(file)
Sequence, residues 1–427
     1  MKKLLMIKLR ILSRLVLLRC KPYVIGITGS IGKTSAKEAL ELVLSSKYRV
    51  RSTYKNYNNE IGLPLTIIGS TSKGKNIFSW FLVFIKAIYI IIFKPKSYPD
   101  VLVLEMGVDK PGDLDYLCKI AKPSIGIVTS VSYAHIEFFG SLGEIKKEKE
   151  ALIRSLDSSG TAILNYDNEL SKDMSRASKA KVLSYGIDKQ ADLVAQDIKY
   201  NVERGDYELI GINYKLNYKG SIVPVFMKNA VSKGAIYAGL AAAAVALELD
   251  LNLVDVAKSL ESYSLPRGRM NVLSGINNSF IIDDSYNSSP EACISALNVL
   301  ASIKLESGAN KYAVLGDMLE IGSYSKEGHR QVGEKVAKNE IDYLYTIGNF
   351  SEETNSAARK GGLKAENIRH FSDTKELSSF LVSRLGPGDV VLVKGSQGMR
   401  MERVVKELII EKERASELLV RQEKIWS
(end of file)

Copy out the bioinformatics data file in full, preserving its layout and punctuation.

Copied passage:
Sequence, residues 1–427
     1  MKKLLMIKLR ILSRLVLLRC KPYVIGITGS IGKTSAKEAL ELVLSSKYRV
    51  RSTYKNYNNE IGLPLTIIGS TSKGKNIFSW FLVFIKAIYI IIFKPKSYPD
   101  VLVLEMGVDK PGDLDYLCKI AKPSIGIVTS VSYAHIEFFG SLGEIKKEKE
   151  ALIRSLDSSG TAILNYDNEL SKDMSRASKA KVLSYGIDKQ ADLVAQDIKY
   201  NVERGDYELI GINYKLNYKG SIVPVFMKNA VSKGAIYAGL AAAAVALELD
   251  LNLVDVAKSL ESYSLPRGRM NVLSGINNSF IIDDSYNSSP EACISALNVL
   301  ASIKLESGAN KYAVLGDMLE IGSYSKEGHR QVGEKVAKNE IDYLYTIGNF
   351  SEETNSAARK GGLKAENIRH FSDTKELSSF LVSRLGPGDV VLVKGSQGMR
   401  MERVVKELII EKERASELLV RQEKIWS